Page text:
PORT ANGELES — Clallam County commissioners will consider an approximately $50,000 budget emergency to fund 2.5 positions in the Court Appointed Special Advocate program as the county looks at a long-term funding solution.
The county learned recently that the state would not renew a Victims of Crime Act grant that has helped the program increase the number of volunteers.
The 20-month grant funded 2.5 positions that helped the program go from 19 CASAs in 2017, serving a third of the children in dependency court, up to 62 volunteers currently, with another 13 volunteers finishing up background checks. The program is expected to grow to more than 80 CASAs by this fall.
Those employees support CASAs, especially new CASAs, who advocate for the county’s most vulnerable children in dependency court. They learn about each situation and tell the judge what is best for each child.
“This grant was a shot in the arm,” said Interim County Administrator Rich Sill during a work session Monday. “These folks were brought in to revitalize the program.”
Sill said the budget emergency would fund the program and the remaining 18 training sessions that are needed to reach the program’s goal of having 80 CASAs through September.
The commissioners will hold a public hearing on the budget emergency during their July 30 meeting, starting at 10 a.m.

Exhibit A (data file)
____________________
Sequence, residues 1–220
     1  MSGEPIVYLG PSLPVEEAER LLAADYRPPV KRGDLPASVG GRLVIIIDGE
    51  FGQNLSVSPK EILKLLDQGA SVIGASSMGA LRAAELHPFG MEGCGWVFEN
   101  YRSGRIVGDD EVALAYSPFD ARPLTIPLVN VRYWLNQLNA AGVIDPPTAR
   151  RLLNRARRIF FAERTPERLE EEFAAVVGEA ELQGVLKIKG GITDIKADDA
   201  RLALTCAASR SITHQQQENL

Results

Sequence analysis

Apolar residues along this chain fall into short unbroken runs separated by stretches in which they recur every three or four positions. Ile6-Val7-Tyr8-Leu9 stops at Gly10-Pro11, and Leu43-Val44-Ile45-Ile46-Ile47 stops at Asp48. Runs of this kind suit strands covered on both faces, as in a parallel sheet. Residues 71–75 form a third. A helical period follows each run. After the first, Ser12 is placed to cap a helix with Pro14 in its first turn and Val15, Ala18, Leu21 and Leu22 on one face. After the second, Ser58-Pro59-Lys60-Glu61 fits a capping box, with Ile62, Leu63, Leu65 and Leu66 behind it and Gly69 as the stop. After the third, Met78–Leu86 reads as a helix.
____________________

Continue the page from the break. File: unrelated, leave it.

The county routinely processes “budget emergencies,” unexpected costs that were not budgeted in the previous year.
Commissioner Randy Johnson said he now wants the county to look at the “long-term thinking about how particularly juvenile justice is funded,” he said. “When I saw the number of people on grants, it’s scary.”
Johnson said he is concerned that many positions are grant-funded or partially grant-funded.
Jody Jacobson, director of Juvenile and Family Services, said that while many positions are grant funded, those grants are more like “reimbursement for services” that are mandated by the state.
She said the grant that funded the CASA recruitment efforts was different than the others.
“This particular grant was very specific,” she said. “It was for this project. It had a start date and end date.”
She said because of the number of grants needed to fund the department, budgeting can be difficult — especially when different agencies operate on different fiscal years.
“It has always balanced,” she said. “It’s sort of a guessing game, but it has balanced in the past at least.”
Ozias said the budget emergency will allow commissioners to have more in-depth conversations about funding the program in the future.
“It will be a series of discussions over the course of time,” he said. “We are attempting to come up with a short-term solution to give us a chance to take a more comprehensive look at what is the right way to support this program over the long term.”
Reporter Jesse Major can be reached at 360-452-2345, ext. 56250, or at [email protected].